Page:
AS COMPOSERS WE ASSERT THAT
- Copyright rests with the author. This is enshrined in copyright law and is the moral starting point of every negotiation.
- Music creates unique emotional connections and financial value in an audiovisual production. Composers should receive a fair share of the value they create.
- Only composers should decide how much of their rights they give away. The Exclusive Assignment of Performing Rights is the best way to safeguard value over the long term.
WE CALL ON COMMISSIONERS TO
- Appreciate the value that music brings. Commissioners should not expect to acquire rights without genuine negotiation reflecting the true value of music and composition.
- Only take a share of future royalty income if they are going to act like a commercial publisher. This means finding uses for the music beyond its original purpose, administering the copyright properly, and paying composers fairly for the acquired rights and royalties.
- Actively champion equality, diversity and inclusion. This includes collecting and publishing diversity statistics from the commissioning process, and seeking and supporting underrepresented groups to pitch for work.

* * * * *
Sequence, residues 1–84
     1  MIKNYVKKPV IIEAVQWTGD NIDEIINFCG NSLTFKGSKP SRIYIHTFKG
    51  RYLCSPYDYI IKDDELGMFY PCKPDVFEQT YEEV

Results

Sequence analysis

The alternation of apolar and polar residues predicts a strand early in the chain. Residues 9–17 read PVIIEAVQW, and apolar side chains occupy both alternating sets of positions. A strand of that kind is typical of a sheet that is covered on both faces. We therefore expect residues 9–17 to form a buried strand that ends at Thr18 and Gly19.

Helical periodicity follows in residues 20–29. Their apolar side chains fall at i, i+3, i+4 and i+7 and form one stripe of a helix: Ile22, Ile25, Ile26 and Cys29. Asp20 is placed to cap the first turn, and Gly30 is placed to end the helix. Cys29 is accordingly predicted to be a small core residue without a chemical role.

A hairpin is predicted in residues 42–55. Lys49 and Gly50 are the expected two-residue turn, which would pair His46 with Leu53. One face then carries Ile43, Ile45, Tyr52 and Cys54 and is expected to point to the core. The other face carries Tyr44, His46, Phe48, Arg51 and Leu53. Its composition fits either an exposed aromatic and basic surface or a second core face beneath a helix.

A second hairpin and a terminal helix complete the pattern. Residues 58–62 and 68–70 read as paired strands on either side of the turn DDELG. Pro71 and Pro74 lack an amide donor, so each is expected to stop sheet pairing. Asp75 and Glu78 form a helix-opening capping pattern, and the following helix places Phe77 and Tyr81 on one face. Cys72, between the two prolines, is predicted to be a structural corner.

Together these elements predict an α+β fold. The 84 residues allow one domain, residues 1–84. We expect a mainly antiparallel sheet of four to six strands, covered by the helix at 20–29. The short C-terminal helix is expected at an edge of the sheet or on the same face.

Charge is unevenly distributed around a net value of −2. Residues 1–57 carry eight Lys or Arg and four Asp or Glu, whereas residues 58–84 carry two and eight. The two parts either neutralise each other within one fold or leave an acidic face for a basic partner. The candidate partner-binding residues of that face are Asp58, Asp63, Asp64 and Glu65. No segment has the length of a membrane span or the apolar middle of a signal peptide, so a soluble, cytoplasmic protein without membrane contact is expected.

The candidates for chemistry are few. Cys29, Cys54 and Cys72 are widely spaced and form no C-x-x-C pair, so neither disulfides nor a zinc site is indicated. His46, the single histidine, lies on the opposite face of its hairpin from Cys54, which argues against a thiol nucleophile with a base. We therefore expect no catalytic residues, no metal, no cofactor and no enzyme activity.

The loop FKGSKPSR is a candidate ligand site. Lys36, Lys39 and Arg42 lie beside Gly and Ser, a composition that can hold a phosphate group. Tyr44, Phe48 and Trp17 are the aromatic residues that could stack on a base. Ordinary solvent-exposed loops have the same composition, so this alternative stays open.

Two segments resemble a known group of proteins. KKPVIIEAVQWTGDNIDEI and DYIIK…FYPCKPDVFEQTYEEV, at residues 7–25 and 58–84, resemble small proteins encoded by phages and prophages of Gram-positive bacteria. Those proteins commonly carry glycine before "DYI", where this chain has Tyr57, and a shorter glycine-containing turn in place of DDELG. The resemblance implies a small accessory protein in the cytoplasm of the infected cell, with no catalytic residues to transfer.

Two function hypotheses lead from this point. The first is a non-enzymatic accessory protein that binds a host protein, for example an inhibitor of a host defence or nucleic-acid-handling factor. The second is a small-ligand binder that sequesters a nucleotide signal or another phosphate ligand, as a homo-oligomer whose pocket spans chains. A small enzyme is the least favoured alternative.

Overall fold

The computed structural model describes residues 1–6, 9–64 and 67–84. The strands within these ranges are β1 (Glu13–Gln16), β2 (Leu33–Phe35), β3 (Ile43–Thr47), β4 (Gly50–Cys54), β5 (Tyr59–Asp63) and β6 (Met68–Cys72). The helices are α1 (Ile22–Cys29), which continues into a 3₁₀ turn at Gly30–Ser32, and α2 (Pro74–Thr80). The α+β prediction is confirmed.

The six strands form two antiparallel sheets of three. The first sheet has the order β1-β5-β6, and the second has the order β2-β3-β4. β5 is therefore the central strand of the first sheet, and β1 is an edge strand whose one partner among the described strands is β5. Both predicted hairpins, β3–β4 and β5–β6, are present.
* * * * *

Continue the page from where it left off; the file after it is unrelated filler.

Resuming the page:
- Pay composers. No-one should ever be asked to work for free.
- Respect composers’ time and resources. Where pitching is expected, there should be a clear stylistic or musical brief, the number of candidates competing for the job should be stated upfront, and composers’ reasonable expenses reimbursed.
- Protect composers’ copyright. All work that is pitched remains the property of the composer, whether the pitch is successful or not. The composer should also remain the owner of all works unused by a production.
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